Jul 25 07:37:12 EXH-<ComputerName> Installer[19710]: ManualAdoption: Error adopting /Volumes/macOS 10.14.6 Update/macOSUpdCombo10.14.6.pkg: Error Domain=SUErrorDomain Code=605 "An error occurred installing the update." UserInfo={NSLocalizedDescription=An error occurred installing the update., NSLocalizedRecoverySuggestion=}
Jul 25 07:37:12 EXH-<ComputerName> Installer[19710]: ManualAdoption: stashToken is Nil, softwareupdated did not authorize a token, stashing has failed!
Jul 25 07:37:12 EXH-<ComputerName> Installer[19710]: Failed to adopt update: An error occurred installing the update.
After a couple of attempts and getting escalated up apparently to Apple Enterprise Support (we have over 200 Macs and a similar number of iOS devices), the official answer was that the only way to update T2-based Macs is to have Internet access. There is no way to do an offline update.

We keep our exhibit computers on an isolated network for security reasons - no internet access.

I know we aren't the only ones that keep at least some computers isolated from the internet - I've known individuals and companies that keep production computers entirely offline or isolated - no email, no web browsing - and the combo updaters were the way to keep the OS updated (along with app update downloads).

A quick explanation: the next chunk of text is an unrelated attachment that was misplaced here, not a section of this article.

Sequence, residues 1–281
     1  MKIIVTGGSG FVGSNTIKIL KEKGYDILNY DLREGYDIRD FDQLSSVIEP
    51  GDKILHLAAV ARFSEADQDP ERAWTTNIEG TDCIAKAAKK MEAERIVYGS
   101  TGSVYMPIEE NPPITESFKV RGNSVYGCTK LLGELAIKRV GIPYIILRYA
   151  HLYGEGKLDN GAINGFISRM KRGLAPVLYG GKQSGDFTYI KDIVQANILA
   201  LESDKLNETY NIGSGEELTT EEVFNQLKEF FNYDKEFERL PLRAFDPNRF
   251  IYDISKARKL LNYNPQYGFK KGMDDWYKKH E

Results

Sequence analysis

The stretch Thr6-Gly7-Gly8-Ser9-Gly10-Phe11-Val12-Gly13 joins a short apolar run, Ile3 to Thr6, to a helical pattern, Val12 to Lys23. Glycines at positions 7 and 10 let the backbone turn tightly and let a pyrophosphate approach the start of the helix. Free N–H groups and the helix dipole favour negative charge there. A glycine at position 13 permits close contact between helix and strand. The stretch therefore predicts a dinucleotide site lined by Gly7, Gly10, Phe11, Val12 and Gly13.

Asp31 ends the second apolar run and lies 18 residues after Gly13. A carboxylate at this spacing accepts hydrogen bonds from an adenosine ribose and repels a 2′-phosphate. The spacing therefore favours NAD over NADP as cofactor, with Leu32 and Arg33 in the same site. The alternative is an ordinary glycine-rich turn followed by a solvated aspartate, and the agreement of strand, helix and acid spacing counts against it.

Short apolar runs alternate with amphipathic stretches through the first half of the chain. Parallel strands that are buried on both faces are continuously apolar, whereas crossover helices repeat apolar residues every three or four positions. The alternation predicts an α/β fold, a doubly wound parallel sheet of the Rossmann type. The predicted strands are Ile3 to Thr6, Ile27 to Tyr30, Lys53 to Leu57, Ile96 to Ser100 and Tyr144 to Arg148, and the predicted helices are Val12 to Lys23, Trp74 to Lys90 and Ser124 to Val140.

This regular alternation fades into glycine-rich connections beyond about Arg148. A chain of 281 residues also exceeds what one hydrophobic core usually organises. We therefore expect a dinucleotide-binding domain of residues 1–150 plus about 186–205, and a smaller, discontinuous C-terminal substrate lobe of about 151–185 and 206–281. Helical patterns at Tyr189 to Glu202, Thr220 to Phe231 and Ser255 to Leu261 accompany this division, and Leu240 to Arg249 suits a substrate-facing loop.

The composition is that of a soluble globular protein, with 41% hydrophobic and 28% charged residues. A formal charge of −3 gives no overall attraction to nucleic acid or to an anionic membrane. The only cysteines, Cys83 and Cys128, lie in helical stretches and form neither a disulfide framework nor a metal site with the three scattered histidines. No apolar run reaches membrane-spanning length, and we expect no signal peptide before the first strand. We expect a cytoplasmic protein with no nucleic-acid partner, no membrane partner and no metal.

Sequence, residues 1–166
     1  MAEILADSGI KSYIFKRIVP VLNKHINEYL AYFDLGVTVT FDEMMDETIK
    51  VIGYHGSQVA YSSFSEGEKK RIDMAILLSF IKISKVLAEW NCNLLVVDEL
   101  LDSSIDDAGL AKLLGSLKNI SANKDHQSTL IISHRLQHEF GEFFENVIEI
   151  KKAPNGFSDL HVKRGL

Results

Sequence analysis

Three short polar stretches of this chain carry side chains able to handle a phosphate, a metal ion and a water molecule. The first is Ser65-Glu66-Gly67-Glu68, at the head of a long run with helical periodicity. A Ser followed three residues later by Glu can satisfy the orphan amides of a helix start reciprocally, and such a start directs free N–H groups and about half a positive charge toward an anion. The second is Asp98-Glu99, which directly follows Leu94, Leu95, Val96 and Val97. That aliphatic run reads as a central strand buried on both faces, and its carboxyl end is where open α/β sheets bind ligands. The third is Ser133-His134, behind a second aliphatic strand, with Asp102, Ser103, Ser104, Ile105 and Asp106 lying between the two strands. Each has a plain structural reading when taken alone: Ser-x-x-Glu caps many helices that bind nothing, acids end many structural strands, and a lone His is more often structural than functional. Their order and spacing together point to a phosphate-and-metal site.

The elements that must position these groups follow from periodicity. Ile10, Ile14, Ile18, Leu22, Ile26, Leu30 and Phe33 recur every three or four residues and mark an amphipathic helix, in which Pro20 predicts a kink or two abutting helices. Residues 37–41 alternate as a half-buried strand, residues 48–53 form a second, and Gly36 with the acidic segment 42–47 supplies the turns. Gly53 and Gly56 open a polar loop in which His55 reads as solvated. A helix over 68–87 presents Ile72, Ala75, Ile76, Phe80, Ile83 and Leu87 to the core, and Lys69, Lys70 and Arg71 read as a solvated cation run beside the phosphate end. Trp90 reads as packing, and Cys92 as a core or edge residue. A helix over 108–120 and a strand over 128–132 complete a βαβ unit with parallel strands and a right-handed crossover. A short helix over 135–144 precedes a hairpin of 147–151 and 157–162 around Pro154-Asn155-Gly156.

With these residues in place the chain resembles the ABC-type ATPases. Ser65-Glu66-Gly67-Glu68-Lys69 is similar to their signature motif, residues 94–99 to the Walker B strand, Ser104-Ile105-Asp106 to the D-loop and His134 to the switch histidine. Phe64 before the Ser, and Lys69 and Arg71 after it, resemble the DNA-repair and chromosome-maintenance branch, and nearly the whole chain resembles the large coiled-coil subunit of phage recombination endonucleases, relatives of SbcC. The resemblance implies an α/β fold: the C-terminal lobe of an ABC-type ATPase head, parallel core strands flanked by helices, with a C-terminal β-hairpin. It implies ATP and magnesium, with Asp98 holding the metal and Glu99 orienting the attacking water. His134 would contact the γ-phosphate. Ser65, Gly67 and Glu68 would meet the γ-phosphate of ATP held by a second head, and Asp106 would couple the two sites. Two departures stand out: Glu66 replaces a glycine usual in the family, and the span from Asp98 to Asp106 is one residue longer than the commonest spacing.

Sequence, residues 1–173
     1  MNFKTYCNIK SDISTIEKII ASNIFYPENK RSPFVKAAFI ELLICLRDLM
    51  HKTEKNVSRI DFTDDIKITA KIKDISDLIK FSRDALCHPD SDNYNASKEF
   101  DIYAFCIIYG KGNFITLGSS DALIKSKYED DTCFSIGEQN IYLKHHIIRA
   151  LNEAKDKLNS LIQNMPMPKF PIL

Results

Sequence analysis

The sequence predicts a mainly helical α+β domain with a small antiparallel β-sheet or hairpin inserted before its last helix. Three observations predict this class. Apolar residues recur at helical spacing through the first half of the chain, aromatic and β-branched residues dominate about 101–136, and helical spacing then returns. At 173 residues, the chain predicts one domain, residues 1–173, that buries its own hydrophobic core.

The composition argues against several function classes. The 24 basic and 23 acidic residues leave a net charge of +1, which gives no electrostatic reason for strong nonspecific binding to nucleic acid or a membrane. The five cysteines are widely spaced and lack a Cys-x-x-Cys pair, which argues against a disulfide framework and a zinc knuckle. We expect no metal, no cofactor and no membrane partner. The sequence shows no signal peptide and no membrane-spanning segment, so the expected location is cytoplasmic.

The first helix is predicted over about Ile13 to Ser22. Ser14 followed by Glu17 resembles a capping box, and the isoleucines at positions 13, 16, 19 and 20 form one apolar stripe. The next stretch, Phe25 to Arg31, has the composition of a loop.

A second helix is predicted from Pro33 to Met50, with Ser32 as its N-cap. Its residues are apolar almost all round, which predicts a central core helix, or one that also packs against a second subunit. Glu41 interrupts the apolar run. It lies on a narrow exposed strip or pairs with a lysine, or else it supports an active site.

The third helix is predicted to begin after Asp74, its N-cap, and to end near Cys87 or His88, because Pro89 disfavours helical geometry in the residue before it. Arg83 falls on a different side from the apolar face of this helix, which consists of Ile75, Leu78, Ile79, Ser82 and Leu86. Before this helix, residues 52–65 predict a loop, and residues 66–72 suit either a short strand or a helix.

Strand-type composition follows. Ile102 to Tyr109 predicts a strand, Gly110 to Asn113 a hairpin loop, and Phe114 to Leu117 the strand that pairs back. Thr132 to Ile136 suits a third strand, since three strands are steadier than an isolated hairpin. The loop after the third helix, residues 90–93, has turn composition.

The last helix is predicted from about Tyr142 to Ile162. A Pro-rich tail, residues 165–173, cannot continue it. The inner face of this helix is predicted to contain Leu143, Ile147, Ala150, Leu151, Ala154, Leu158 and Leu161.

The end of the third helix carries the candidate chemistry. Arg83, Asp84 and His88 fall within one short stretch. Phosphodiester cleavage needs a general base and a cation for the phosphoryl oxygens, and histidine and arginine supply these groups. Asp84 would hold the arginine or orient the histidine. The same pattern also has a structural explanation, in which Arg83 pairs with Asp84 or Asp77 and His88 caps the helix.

I am trying to escalate to get a solution for true offline updates and have provided feedback through the Apple website, but if they hear from more people that it is an issue, or would be an issue that could keep people from purchasing a new model, it is more likely to be flagged as something they need to do.
 


El Capitan's last security update was released in July 2018 (Security Update 2018-004 El Capitan), which leads me to wonder if this month's Security Update 2019-004 will be the end of the road for Sierra.
Probably, but there is still time before Catalina release if a sufficiently serious vulnerability is found anytime soon. But you have to go all the way back to Mountain Lion to find a Security Update released after July.

In my experience (and that of many other users I work with), High Sierra was a big improvement over Sierra, and at the time I updated, I had absolutely no APFS issues on my iMac with a spinning hard drive that was never reformatted from HFS+. Users who converted to APFS did report access appeared slower.
 



Where did you see improvements, specifically?
Primarily stability. I still see crashes occasionally when I spend time in Sierra that I never found in High Sierra. Most of them occur after I've left my computer overnight without shutting down.

I also experienced issues with background updates not occurring when they should have, but those seem to have been resolved somehow.
 


Ric Ford

MacInTouch
I still see crashes occasionally when I spend time in Sierra that I never found in High Sierra. Most of them occur after I've left my computer overnight without shutting down.
Sierra doesn't crash on me in constant use with lots of sleep and wake and display sleep and wake, plus shutdown/restart usually a few times per day.

However, I did have a pretty nasty problem with crashing/corruption associated with sleep/wake while using a 4K monitor. Switching back to a 1440p display resolved the problem. I haven't had enough free time to go back to try to isolate the cause (but tests indicated that it was not related to SwitchResX).

I also got different crashes while working with settings in System Preferences > Displays > Color, raising more concerns about bugs in Sierra's display/color software.